Your Action is Critical to the Equitable Future of Arts and Culture in Charlotte

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Hola Festival.

This week, the Charlotte City Council Arts & Culture Ad Hoc Committee proposed a new arts and cultural funding framework for the upcoming fiscal year. What this means is the city would shift its investment in ASC to a “third-party administrative account.” You can read the entire proposal here.

The ad hoc committee will present its proposal to the full Charlotte City Council at its strategy session on Monday, March 1, 2021, at 5 p.m. We need you to contact your City Council representatives now to voice your support for ASC and to continue funding ASC so it can invest in the individual creatives and arts and culture organizations of all sizes in an equitable manner.

Here are the key points we would ask you to make:

  • The needs in our arts and culture community are urgent. Why build a replicant when ASC is a proven, viable option? There are a host of unknowns, not only about how the council’s Arts & Culture Ad Hoc Committee proposal may be implemented, but also what arts and culture organizations would be supported in FY22 and what funding would be available for creative individuals, if any. The impacts of COVID-19 have devastated the sector. What our cultural community needs right now is a reliable, trusted framework that ensures a smooth and equitable distribution of resources.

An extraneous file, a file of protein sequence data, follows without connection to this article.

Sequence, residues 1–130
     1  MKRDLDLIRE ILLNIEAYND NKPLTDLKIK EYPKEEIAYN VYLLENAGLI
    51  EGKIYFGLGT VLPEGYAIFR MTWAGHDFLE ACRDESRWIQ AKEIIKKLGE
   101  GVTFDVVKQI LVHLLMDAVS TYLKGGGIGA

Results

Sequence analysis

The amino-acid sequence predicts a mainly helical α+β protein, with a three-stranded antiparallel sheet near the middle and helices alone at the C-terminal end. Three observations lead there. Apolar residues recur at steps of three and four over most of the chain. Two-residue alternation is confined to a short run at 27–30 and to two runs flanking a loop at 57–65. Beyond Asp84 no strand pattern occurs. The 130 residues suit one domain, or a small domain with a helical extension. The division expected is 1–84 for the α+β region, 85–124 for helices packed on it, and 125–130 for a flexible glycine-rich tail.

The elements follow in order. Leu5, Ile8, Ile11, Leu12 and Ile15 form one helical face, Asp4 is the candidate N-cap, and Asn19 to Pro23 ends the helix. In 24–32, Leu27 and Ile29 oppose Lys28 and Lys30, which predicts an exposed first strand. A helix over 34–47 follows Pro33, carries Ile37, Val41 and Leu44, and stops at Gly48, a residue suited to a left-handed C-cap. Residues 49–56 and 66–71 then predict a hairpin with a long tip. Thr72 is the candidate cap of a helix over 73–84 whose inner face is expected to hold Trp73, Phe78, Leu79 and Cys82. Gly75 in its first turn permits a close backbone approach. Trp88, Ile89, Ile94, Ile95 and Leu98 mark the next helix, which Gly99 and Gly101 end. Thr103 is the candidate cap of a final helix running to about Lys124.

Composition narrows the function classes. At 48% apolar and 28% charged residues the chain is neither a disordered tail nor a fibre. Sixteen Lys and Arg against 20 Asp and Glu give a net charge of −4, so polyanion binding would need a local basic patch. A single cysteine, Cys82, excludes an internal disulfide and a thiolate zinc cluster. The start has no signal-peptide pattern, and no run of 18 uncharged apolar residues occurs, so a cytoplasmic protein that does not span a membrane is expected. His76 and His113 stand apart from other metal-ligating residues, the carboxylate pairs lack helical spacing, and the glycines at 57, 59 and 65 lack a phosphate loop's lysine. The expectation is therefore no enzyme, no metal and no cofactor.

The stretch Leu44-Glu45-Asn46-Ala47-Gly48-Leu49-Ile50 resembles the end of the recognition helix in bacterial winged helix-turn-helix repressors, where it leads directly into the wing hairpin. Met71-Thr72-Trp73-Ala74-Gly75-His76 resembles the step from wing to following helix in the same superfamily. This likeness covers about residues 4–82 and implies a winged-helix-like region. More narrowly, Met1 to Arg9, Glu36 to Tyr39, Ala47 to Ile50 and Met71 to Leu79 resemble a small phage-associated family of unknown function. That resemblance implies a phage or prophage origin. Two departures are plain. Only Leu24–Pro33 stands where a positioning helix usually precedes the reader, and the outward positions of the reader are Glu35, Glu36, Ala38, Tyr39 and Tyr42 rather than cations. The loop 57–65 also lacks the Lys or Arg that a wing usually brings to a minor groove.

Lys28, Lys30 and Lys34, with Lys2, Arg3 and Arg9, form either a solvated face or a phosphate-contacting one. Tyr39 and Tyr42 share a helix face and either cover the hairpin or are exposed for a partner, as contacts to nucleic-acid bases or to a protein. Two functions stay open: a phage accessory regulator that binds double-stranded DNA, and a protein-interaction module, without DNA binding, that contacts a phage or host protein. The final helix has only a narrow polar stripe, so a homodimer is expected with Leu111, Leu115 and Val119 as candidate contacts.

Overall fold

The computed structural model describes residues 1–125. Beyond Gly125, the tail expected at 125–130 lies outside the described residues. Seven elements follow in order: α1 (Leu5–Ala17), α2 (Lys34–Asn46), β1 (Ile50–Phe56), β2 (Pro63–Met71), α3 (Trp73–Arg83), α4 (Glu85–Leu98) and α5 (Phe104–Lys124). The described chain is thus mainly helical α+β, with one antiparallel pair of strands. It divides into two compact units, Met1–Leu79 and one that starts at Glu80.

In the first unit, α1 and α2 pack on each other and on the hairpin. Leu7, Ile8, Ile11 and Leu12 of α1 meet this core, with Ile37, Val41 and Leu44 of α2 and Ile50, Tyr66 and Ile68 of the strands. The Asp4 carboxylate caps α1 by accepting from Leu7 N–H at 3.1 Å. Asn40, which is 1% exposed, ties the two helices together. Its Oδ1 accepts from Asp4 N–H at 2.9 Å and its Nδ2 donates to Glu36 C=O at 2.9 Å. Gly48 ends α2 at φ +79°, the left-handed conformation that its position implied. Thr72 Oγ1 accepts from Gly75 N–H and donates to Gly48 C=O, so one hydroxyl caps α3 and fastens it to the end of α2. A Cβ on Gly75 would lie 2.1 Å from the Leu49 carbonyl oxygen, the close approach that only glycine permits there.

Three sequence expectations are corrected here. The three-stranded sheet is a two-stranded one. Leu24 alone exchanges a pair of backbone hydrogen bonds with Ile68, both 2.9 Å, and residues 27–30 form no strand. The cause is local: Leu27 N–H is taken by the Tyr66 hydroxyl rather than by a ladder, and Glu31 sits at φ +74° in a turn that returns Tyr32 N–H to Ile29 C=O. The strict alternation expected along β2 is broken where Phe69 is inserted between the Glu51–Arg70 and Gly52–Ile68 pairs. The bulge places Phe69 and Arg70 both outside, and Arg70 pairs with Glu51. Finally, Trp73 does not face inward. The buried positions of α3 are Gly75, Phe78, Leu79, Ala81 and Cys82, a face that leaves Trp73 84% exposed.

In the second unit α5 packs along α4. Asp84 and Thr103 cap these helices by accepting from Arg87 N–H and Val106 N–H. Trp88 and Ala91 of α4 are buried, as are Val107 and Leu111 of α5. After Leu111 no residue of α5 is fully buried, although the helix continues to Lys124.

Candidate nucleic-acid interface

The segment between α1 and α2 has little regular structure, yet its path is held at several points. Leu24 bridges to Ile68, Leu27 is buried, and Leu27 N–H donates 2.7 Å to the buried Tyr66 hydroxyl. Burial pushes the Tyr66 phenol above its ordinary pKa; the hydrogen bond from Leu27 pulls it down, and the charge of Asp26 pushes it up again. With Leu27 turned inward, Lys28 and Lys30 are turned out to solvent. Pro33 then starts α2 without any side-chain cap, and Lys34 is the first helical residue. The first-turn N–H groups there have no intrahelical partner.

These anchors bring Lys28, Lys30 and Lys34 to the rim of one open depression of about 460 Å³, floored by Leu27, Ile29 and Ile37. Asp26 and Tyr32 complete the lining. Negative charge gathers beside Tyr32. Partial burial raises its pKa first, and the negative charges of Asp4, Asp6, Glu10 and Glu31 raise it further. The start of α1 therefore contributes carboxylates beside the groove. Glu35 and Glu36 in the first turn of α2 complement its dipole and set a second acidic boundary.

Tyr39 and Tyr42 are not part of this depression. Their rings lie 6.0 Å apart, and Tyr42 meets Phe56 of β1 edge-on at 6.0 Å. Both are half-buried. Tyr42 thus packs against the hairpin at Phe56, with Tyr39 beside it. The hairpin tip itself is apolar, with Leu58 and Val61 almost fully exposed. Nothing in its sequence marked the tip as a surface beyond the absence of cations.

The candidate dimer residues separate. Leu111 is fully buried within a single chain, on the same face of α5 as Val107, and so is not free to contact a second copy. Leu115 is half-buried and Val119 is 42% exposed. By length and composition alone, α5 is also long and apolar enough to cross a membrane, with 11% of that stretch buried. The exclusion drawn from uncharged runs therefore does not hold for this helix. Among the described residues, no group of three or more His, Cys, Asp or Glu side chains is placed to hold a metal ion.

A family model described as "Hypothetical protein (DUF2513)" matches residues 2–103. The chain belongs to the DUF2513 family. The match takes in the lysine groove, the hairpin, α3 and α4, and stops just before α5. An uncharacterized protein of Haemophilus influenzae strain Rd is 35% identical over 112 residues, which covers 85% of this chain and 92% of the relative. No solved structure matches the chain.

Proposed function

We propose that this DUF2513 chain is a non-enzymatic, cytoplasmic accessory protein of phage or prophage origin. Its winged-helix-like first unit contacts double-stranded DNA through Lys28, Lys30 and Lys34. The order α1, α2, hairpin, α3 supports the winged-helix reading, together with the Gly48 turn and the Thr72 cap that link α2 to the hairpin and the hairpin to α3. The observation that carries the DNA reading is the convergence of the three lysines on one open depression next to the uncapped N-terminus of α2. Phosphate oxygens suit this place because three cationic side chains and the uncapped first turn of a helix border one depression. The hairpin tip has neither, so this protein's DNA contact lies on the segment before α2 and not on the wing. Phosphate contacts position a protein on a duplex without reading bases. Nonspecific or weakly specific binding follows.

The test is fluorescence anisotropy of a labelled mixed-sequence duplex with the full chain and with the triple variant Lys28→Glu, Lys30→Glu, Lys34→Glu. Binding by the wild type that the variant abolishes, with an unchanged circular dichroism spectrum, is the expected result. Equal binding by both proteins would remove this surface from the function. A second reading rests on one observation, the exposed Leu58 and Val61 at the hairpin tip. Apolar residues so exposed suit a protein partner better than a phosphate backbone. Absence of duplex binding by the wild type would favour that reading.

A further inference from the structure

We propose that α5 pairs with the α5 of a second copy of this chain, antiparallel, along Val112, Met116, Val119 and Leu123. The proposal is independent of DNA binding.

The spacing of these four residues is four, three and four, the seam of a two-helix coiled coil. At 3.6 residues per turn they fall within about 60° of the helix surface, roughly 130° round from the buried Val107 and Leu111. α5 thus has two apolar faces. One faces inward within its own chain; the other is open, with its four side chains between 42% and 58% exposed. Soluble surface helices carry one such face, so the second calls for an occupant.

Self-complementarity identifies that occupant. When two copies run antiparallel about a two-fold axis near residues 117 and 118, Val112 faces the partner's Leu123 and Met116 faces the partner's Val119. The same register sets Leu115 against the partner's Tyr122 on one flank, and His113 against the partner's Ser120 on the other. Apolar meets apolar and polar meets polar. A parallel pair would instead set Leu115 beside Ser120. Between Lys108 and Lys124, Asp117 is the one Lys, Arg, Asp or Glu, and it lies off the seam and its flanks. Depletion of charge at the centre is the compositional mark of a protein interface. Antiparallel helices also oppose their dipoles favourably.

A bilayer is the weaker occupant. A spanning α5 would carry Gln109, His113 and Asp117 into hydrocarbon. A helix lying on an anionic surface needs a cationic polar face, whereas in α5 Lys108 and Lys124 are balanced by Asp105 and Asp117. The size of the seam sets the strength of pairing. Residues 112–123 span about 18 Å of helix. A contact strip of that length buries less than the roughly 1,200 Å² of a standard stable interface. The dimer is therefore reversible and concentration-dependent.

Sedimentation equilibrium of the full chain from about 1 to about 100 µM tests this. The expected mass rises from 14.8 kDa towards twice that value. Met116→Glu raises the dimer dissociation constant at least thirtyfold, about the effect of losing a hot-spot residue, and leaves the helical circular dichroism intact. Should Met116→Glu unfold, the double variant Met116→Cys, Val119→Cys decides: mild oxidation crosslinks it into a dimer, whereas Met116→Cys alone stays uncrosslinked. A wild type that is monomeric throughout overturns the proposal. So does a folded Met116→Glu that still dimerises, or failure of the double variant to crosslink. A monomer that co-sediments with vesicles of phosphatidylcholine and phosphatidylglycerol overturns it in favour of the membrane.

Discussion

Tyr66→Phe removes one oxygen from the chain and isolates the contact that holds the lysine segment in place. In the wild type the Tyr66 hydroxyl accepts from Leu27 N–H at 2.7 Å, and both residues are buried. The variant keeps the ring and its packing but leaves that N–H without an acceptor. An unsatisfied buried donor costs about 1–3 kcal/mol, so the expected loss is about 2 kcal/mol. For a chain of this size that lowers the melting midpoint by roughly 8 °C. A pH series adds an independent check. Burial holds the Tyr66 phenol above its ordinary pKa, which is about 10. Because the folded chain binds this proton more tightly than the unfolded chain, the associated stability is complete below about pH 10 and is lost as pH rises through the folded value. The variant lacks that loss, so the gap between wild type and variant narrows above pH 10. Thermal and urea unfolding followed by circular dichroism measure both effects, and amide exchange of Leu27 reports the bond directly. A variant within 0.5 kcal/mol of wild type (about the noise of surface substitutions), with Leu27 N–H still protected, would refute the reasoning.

• ASC has a commitment to cultural equity. It has been doing this work for the better part of the past decade and its recent Cultural Equity Report outlines not only its history but, just as important, the steps it has taken. Working for a more equitable cultural community is critical to ensuring Charlotte is a place where our full cultural and creative ecosystem can thrive.
  • ASC’s experience and expertise in cultural grantmaking is unmatched. Funding arts and culture organizations and individual creatives is about more than writing a check. An equity lens, as outlined in its Cultural Equity statement, guides ASC’s grantmaking decisions and promotes greater public accountability and transparency. Additionally, ensuring that grant decisions reflect the diversity of Charlotte requires extensive staff hours, recruiting panels that represent our diverse community in terms of race and ethnicity as well as broad creative disciplines and community perspectives. It also requires coaching and providing workshops and training to build the capacity of individuals to cultivate successful, sustainable careers, and building deep relationships with creatives and cultural organizations in community.

Reach out to your City Council representatives today.

Julie Eiselt (Chair, Arts & Culture Subcommittee)
julie.eiselt@charlottenc.gov
@JulieEiselt
704.336.4099

Ed Driggs (Vice Chair, Arts & Culture Subcommittee)
edriggs@charlottenc.gov
704.432.7077

Braxton Winston (Member, Arts & Culture Subcommittee)
Braxton.Winston@charlottenc.gov
@BraxtonWinston
704.336.3185

Malcolm Graham (Member, Arts & Culture Subcommittee)
malcolm.graham@ci.charlotte.nc.us
@SenatorMGraham
704.336.6105

Tariq Bokhari (Member, Arts & Culture Subcommittee)
tariq.bokhari@charlottenc.gov
@FinTechInnov8r
704.336.3431

Dimple Ajmera
dimple.ajmera@charlottenc.gov
@DimpleAjmera
704.336.2777

Larken Egleston
Larken.Egleston@charlottenc.gov
@Larken
704.336.3433

Victoria Watlington
victoria.watlington@charlottenc.gov
@Watlington4CLT
704.336.3435

Renee’ Johnson
Renee.Johnson@charlottenc.gov
704.336.3436

Matt Newton
matt.newton@charlottenc.gov
704.336.3432

Greg Phipps
greg.phipps@charlottenc.gov 

Mayor Vi Lyles
mayor@charlottenc.gov
@ViLyles
704.336.2241

Marcus Jones (City Manager)
Marcus.Jones@charlottenc.gov
704.336.2241

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